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Thompson v. Thompson et al Doc.

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Case 2:05-cv-73451-AC-MKM Document 3 Filed 09/16/2005 Page 1 of 4

UNITED STATES DISTRICT COURT


EASTERN DISTRICT OF MICHIGAN
SOUTHERN DIVISION

EDDIE LEE THOMPSON,

Plaintiff,

CASE NO. 05-CV-73451-DT


v. HONORABLE AVERN COHN

JUDITH S. THOMPSON and


EVELYN BRADFORD,

Defendants.
__________________________________/

OPINION AND ORDER OF SUMMARY DISMISSAL

I.

This is a prisoner civil rights case under 42 U.S.C. § 1983. Plaintiff Eddie Lee

Thompson is proceeding pro se and in forma pauperis. See 28 U.S.C. § 1915(a).

Plaintiff is a state prisoner currently confined at the Kinross Correctional Facility in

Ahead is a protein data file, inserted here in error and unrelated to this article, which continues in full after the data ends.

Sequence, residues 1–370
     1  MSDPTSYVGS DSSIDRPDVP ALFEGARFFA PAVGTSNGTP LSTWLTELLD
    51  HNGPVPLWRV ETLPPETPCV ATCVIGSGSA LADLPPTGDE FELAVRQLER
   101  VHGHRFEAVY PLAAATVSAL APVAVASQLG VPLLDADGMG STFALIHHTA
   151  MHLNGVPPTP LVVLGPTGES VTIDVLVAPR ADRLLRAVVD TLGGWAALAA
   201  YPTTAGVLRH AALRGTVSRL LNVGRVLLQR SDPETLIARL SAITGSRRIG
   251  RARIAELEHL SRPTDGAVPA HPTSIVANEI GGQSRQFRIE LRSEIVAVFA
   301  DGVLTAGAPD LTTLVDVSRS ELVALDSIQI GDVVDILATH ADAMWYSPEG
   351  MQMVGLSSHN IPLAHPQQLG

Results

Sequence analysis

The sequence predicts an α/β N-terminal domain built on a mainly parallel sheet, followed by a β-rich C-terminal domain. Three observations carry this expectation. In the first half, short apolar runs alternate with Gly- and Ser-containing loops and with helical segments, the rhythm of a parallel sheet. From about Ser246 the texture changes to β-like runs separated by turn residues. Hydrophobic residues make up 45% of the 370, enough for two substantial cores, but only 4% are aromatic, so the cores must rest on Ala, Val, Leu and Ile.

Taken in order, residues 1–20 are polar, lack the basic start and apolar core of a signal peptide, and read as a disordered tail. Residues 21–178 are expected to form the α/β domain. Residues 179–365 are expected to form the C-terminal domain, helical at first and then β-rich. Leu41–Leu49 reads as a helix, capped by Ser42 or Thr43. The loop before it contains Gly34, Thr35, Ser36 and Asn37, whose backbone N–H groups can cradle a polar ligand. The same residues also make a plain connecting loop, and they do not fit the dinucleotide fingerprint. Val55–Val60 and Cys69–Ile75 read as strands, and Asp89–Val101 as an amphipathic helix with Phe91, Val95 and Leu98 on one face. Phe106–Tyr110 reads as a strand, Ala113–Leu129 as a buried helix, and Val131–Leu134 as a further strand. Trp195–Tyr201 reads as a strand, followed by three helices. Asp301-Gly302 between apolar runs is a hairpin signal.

Kincheloe, Michigan. Plaintiff claims that defendant Judith Thompson committed

malpractice by failing to properly prepare and disclose competency evaluation reports

related to his criminal proceedings and that defendant Evelyn Bradford engaged in

malpractice by prescribing him psychiatric medications, which he refused to take and

were forcefully administered by prison officials. Plaintiff further claims that the

defendants’ actions interfered with his ability to prepare a defense and express himself

during his 1994 criminal proceedings. Plaintiff seeks monetary damages and other

appropriate relief. For the reasons that follow, the complaint will be dismissed under 28

U.S.C. § 1915(e)(2)(B) for failure to state claims upon which relief may be granted.

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Case 2:05-cv-73451-AC-MKM Document 3 Filed 09/16/2005 Page 2 of 4